Dark Nights: Metal 6: Discussion

by Spencer Irwin and Mark Mitchell 

This article contains SPOILERS. If you haven’t read the issue yet, proceed at your own risk!

slim-banner

Spencer: Now that the series has come to an end, I can safely say that I have very mixed feelings about Dark Nights: Metal as a whole. So much of this event has been about embracing gonzo, bonkers, throwback action, but much of that fun is buried under attempts to overexplain every aspect of the (often impossible to follow) plot. The stakes of the event never fully sank in for me, as aside from artist Greg Capullo’s hellish landscapes, most of the nightmarish aspects of the Dark Multiverse were buried away in tie-in issues, while the main series focused on fun, but straightforward action beats. That said, there were a few areas where this series shined, and Dark Nights: Metal 6 exemplifies them all. It’s a strong metaphor for embracing hope and community over nihilism and isolation, a powerful reminder of stories’ ability to inspire, and an ode to the past (and future) of the DC Universe. Continue reading

Strength in Teamwork in Batman 43

By Drew Baumgartner

Batman 43

This article contains SPOILERS. If you haven’t read the issue yet, proceed at your own risk!

On the surface, grief and regret may not seem all that similar; one deals with an inescapable force of nature, the other is preoccupied with (potentially avoidable) personal failures. I might argue that regret is a kind of grief, albeit over the death of an idea or an opportunity, as opposed to a loved one, but there’s a more fundamental commonality between these two: how personal they feel. This can make both grief and regret feel very lonely, potentially driving us away from the friends and family who might want to support us through those difficult times. It’s a trap Ivy falls into, trying to go it alone in the face of her own grief and regrets, but Batman and Catwoman (and the entire creative team behind Batman 43) have a better way. Continue reading

Knowing Your Opponent in Batman 42

By Spencer Irwin

This article contains SPOILERS. If you haven’t read the issue yet, proceed at your own risk!

About halfway through my first read of Batman 42, as Poison Ivy (through her minions) dangled Catwoman upside-down from a skyscraper, I suddenly remembered that the two characters are supposed to be friends. As if reading my mind, a few pages later Tom King and Mikel Janin addressed this head-on, with Selina appealing to their friendship and Ivy claiming that Selina doesn’t know the first thing about her. Apparently Ivy’s bid at world domination is meant to be benign, charitable even — a genuine attempt from her to fix the world, to redeem for past crimes. Apparently there was a rock of regret inside her that not even her closest friends and allies knew about — but Batman knows. His entire plan, and his eventual, inevitable victory, revolves around him having nailed down Ivy’s motives and methods. Continue reading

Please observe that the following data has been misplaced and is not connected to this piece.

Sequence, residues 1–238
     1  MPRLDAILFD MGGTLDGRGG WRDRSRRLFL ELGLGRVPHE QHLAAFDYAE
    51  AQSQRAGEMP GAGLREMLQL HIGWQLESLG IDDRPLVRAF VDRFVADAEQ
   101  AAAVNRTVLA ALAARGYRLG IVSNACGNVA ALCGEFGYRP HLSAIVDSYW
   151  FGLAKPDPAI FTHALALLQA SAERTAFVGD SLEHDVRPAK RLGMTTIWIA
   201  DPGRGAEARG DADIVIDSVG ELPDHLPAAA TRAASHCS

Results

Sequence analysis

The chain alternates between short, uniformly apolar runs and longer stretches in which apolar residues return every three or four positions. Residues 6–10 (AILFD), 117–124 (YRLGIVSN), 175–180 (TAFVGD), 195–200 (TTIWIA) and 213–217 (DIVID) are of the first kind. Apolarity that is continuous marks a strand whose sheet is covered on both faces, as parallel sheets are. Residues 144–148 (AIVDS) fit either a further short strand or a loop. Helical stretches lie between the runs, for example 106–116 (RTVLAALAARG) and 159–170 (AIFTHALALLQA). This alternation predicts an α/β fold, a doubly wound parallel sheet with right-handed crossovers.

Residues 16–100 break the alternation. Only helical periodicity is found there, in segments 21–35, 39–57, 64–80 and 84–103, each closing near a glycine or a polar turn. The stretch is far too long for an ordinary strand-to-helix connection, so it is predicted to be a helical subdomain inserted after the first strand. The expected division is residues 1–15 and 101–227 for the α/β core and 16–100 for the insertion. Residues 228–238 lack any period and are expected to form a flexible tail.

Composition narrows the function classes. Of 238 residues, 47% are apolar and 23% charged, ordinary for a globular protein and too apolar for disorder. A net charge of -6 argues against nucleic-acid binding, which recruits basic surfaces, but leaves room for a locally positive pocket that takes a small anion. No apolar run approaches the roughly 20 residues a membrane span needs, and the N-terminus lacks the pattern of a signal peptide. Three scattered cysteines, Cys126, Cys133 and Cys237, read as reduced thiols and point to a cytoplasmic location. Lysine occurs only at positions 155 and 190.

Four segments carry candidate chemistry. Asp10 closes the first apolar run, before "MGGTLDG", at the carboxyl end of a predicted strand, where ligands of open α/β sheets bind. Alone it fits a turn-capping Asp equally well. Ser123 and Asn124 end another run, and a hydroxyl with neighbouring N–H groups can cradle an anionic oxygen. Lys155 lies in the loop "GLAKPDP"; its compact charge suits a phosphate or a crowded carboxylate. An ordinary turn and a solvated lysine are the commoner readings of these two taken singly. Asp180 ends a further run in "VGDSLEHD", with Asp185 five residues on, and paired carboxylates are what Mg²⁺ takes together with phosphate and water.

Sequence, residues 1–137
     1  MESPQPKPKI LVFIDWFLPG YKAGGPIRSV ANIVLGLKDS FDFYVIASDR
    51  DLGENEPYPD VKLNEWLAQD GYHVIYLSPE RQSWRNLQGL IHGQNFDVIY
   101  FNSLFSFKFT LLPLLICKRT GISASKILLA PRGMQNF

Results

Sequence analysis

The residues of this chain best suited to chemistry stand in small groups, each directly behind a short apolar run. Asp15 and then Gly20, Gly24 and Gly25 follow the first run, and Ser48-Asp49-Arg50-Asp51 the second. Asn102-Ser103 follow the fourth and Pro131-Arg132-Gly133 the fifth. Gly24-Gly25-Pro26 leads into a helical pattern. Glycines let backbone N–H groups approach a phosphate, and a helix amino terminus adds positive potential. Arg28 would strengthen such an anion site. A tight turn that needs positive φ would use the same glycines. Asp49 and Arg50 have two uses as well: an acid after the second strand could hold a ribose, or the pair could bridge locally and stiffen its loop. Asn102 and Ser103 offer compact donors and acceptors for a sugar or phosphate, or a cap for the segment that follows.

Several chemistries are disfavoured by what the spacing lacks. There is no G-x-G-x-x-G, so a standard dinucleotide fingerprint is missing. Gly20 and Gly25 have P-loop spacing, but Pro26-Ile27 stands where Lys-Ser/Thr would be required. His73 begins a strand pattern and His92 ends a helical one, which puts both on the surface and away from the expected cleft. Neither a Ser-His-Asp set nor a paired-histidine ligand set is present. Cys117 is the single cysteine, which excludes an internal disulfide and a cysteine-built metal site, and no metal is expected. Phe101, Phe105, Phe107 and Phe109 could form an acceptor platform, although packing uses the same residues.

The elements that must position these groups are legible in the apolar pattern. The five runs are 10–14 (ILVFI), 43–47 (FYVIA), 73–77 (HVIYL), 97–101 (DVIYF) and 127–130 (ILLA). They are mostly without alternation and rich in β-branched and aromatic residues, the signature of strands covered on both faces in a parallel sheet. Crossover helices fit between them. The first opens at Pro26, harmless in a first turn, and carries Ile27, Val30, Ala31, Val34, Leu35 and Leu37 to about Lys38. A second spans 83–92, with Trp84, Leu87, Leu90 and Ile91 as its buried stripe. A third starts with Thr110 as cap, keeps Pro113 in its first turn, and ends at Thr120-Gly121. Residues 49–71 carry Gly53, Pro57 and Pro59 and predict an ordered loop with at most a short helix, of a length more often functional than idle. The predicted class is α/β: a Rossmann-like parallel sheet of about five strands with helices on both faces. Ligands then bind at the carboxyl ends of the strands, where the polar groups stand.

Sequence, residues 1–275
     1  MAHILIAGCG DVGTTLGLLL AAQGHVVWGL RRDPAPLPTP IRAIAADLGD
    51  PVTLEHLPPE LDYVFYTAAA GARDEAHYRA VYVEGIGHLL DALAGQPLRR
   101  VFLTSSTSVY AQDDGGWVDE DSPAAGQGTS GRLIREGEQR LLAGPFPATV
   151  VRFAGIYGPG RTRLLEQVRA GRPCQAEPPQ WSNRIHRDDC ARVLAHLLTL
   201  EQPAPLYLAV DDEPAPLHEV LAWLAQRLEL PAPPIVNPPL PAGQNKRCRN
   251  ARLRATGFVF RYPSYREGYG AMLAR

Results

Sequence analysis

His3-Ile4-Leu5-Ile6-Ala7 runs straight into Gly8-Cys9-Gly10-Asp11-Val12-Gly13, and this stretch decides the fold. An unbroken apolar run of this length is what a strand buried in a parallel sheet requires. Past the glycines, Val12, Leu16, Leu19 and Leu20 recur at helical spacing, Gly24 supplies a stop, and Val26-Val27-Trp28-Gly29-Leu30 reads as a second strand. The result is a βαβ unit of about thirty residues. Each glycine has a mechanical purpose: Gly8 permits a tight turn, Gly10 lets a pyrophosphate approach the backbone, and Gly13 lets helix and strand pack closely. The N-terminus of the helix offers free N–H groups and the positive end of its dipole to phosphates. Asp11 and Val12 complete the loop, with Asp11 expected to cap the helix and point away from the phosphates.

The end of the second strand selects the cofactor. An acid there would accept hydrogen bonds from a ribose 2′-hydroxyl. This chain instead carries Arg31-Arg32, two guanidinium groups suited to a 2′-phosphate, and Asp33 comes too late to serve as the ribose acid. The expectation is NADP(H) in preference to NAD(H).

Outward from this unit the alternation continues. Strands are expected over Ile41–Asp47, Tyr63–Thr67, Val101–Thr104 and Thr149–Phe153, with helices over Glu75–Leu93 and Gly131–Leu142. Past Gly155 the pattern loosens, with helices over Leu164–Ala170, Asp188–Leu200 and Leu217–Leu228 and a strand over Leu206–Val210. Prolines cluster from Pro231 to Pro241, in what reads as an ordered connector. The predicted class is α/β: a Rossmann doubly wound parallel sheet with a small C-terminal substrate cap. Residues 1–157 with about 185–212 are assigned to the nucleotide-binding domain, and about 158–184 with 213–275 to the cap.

Not Quite a Moral Challenge in Superman 40

By Mark Mitchell

This article contains SPOILERS. If you haven’t read the issue yet, proceed at your own risk!

While Superman’s abilities to punch hard, fly fast, and jump high are the sizzle to his steak, the real meat (pardon the tortured metaphor) of Clark Kent as a character is his strong moral center. Comic books are lousy with characters possessing superpowers, but only a precious few represent truth and goodness like the man from Krypton. That’s why the Superman stories that really stick with us are the ones that find ways to challenge his moral certitude — and by challenging it, ultimately end up amplifying it even more. At multiple points, James Robinson and Doug Mahnke’s Superman 40 is on the precipice of testing the Man of Steel’s philosophical strength in interesting ways, but never shows any interest in doing so.

Continue reading

The Big Brother of Steel in Superman 39

By Michael DeLaney

This article contains SPOILERS. If you haven’t read the issue yet, proceed at your own risk!

With DC’s recent announcement that The Man of Steel will be regaining his red trunks, it looks like they’re embracing the the classic Superman of yore. Another example is Superman 39, which centers around Superman spending the day with young cancer patients. If that’s not golden age wholesome, then I don’t know what is. Continue reading